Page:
|Matthew Henry's Concise Commentary|
91:9-16 Whatever happens, nothing shall hurt the believer; though trouble and affliction befal, it shall come, not for his hurt, but for good, though for the present it be not joyous but grievous. Those who rightly know God, will set their love upon him. They by prayer constantly call upon him. His promise is, that he will in due time deliver the believer out of trouble, and in the mean time be with him in trouble. The Lord will manage all his worldly concerns, and preserve his life on earth, so long as it shall be good for him. For encouragement in this he looks unto Jesus. He shall live long enough; till he has done the work he was sent into this world for, and is ready for heaven. Who would wish to live a day longer than God has some work to do, either by him or upon him? A man may die young, yet be satisfied with living. But a wicked man is not satisfied even with long life. At length the believer's conflict ends; he has done for ever with trouble, sin, and temptation.
Verse 12. - They shall bear thee up in their hands; rather, upon their hands - lifting thee over difficulties and stumbling blocks. Lest thou dash thy foot against a stone (comp. Proverbs 3:23, 24). Moral impediments are, no doubt, chiefly meant.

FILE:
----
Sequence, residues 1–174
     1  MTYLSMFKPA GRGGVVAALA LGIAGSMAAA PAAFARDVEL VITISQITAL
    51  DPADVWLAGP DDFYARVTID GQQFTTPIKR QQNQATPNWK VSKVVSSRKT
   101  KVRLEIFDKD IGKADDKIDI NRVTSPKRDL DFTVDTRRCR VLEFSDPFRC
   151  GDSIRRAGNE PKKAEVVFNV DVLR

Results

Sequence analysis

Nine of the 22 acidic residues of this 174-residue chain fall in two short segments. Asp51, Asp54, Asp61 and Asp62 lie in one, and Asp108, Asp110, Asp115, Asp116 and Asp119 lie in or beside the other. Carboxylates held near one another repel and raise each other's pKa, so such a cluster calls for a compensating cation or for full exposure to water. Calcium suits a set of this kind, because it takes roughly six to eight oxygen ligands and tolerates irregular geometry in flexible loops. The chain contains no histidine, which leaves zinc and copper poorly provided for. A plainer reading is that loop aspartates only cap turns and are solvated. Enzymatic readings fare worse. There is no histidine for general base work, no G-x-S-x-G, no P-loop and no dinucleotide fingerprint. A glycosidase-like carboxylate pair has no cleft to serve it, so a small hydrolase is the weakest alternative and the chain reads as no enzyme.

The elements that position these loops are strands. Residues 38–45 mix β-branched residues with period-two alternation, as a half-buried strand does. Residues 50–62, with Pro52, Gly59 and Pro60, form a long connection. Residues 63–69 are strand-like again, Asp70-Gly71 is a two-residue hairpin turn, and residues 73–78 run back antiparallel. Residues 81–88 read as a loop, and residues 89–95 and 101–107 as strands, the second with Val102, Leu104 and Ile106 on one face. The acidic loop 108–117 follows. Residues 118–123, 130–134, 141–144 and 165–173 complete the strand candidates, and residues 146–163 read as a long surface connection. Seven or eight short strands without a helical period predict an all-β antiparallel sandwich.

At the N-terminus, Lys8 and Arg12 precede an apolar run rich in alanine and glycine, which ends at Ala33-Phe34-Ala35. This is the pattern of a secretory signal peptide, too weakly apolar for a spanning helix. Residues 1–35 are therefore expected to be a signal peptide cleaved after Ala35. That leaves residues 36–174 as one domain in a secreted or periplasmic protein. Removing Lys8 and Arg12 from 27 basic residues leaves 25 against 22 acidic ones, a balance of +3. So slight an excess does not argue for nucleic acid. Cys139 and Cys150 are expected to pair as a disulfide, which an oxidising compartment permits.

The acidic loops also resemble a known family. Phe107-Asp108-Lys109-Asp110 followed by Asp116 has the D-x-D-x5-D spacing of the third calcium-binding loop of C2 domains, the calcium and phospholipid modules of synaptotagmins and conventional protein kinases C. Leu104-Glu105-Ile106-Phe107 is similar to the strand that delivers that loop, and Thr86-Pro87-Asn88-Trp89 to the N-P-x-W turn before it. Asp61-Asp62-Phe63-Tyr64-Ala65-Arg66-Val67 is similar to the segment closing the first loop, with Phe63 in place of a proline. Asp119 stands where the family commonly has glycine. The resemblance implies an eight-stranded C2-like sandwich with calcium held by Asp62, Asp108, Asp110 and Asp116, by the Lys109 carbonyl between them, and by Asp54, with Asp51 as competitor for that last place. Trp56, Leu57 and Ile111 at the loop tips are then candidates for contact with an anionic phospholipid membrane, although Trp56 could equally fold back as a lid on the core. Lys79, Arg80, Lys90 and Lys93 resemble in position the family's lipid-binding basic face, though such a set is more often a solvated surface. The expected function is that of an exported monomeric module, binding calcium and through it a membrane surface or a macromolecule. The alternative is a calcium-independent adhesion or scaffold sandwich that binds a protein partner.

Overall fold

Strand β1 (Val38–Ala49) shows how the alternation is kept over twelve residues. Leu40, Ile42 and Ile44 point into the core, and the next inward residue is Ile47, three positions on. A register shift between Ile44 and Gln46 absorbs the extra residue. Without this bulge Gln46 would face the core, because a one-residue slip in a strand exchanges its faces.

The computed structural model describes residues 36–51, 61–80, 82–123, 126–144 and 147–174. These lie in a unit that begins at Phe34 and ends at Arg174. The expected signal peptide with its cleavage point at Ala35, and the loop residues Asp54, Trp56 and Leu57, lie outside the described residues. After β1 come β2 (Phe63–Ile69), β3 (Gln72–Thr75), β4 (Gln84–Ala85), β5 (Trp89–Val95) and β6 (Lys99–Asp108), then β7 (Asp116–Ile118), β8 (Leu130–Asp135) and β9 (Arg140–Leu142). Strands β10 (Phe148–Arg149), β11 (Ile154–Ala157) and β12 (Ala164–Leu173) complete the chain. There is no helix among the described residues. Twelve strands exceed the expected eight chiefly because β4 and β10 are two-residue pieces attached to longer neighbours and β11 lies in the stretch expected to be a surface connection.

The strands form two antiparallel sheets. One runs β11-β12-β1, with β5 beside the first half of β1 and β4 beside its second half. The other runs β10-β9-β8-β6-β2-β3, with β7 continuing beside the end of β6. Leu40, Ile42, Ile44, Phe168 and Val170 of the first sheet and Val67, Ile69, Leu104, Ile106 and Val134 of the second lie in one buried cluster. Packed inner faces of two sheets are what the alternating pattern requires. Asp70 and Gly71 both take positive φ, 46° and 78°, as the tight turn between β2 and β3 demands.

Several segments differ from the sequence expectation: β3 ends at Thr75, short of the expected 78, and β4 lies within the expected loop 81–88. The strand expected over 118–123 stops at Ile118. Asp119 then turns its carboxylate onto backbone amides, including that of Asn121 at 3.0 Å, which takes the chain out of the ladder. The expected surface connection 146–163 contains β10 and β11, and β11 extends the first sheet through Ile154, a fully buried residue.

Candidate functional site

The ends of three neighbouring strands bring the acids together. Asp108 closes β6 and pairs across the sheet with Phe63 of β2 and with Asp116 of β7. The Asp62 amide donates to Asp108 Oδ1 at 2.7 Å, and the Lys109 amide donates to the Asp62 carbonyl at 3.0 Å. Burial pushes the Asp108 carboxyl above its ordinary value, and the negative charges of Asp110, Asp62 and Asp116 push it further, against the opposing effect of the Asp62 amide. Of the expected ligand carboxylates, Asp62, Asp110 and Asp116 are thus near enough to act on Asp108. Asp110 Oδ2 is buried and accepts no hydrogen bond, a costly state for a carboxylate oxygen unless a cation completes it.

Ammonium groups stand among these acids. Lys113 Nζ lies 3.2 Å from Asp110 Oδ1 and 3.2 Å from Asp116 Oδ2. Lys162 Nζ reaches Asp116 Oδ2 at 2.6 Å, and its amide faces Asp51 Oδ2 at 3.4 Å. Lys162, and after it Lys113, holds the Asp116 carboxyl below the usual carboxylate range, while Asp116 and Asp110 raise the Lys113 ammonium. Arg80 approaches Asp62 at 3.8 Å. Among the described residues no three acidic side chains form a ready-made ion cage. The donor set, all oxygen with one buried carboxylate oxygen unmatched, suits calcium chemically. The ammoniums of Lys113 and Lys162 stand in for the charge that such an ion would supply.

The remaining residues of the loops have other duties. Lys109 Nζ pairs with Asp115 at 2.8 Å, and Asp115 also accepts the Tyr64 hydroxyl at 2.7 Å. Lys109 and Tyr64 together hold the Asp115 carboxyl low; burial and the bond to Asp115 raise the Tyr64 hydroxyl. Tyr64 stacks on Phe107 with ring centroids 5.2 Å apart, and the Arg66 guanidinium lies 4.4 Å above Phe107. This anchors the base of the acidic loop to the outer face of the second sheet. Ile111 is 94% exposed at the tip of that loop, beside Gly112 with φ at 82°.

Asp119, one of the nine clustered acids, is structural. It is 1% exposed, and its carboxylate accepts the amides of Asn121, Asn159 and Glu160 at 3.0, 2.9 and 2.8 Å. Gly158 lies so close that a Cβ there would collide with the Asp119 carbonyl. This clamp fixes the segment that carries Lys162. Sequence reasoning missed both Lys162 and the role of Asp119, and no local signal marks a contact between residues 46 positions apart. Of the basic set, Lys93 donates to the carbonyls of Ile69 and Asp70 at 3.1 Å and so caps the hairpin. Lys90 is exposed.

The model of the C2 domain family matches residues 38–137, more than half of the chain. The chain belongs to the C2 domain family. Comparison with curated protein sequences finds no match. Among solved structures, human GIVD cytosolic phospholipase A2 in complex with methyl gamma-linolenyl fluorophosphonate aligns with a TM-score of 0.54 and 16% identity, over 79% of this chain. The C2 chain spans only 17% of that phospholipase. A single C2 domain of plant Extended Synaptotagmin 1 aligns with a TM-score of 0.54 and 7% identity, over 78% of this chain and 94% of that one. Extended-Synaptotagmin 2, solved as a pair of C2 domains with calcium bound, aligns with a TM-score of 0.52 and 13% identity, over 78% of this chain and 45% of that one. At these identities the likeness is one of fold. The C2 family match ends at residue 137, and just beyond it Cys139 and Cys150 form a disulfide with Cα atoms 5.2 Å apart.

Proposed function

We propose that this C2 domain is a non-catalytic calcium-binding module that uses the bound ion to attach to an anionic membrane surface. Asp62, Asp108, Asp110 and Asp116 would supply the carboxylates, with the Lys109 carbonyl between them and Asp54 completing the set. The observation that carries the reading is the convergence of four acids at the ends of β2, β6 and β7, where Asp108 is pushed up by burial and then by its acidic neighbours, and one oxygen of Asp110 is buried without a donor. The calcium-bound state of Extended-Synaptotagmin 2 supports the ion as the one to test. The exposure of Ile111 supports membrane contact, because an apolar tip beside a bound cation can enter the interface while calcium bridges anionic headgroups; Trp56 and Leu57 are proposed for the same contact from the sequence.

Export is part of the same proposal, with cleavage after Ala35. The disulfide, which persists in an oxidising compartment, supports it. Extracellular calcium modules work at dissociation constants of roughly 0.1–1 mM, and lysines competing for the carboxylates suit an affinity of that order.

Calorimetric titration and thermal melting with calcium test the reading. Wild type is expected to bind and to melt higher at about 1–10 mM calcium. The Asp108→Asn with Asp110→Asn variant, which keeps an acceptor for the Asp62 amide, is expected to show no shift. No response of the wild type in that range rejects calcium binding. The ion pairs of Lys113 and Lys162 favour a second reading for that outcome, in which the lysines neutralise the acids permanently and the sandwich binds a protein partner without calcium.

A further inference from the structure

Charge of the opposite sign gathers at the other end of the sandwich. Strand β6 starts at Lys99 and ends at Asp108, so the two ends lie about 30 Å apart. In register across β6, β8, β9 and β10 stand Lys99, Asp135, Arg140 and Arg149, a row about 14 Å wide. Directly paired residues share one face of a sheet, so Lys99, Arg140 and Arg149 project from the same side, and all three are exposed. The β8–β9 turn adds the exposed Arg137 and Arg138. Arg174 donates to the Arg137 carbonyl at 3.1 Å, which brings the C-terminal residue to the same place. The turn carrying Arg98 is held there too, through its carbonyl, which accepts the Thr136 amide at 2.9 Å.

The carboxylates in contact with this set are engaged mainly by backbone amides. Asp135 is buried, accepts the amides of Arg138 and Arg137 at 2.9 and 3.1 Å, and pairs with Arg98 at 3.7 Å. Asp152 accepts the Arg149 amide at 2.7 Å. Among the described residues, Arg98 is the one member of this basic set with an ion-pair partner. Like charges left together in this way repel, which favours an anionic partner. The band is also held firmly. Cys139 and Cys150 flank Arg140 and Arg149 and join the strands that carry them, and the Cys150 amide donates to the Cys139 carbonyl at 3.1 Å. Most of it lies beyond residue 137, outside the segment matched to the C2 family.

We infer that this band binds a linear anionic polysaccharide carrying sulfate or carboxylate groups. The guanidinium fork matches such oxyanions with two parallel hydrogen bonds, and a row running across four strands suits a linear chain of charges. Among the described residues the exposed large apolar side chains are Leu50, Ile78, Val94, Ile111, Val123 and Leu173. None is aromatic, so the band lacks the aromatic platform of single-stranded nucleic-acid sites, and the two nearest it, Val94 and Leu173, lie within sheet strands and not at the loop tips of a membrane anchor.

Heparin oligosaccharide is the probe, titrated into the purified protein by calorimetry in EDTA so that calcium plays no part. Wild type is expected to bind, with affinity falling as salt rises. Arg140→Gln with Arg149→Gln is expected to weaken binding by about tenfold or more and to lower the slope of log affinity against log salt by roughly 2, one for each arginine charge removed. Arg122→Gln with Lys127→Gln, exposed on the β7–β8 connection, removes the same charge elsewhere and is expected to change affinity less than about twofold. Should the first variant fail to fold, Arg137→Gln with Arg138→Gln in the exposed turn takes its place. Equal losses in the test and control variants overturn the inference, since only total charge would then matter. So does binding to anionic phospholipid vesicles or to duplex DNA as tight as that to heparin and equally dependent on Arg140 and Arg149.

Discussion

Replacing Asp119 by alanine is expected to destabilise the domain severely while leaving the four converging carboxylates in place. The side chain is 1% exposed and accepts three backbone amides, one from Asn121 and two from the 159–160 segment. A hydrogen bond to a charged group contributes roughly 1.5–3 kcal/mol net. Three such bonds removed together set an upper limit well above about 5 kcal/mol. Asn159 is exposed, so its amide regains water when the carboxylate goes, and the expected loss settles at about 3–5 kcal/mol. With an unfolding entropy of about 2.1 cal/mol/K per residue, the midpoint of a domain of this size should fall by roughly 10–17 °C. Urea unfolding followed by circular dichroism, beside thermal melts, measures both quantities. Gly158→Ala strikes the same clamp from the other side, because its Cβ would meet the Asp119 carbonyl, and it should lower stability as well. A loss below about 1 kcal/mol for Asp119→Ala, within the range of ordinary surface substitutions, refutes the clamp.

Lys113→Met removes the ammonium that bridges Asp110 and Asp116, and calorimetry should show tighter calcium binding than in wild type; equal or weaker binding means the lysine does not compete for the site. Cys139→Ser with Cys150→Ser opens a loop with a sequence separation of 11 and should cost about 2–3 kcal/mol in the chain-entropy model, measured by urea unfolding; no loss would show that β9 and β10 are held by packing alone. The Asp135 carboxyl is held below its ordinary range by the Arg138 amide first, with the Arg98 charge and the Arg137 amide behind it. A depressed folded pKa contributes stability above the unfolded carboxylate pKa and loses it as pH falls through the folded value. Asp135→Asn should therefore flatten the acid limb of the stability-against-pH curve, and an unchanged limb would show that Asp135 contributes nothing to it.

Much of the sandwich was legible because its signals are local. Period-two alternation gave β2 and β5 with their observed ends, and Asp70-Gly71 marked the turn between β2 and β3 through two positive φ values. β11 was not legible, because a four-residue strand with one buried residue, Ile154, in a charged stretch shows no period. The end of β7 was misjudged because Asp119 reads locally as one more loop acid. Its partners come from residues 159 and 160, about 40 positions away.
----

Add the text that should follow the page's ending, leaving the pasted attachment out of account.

Gill's Exposition of the Entire Bible
They shall bear thee up in their hands,.... Which denotes the strength and power of angels to carry the saints in their hands; their tender care of them, such as a parent or nurse have of children; the helpless condition of the people of God, who are like infants, and need to be dealt with after this manner; the condescension of angels to take such an office on them, in submission to the will of God; the constant view they have of the saints, being always in their hands, and so in sight: thus they bear them, up in life, and at death carry their souls to Abraham's bosom:
lest thou dash thy foot against a stone; lest they fall into sin, or into any calamity and distress; lest the least hurt or mischief befall them, or the least injury be done them; see Proverbs 3:23. The Targum interprets it of the evil concupiscence, or corruption of nature, which is like a stone; see Ezekiel 36:26.
Psalm 91:12 Parallel Commentaries
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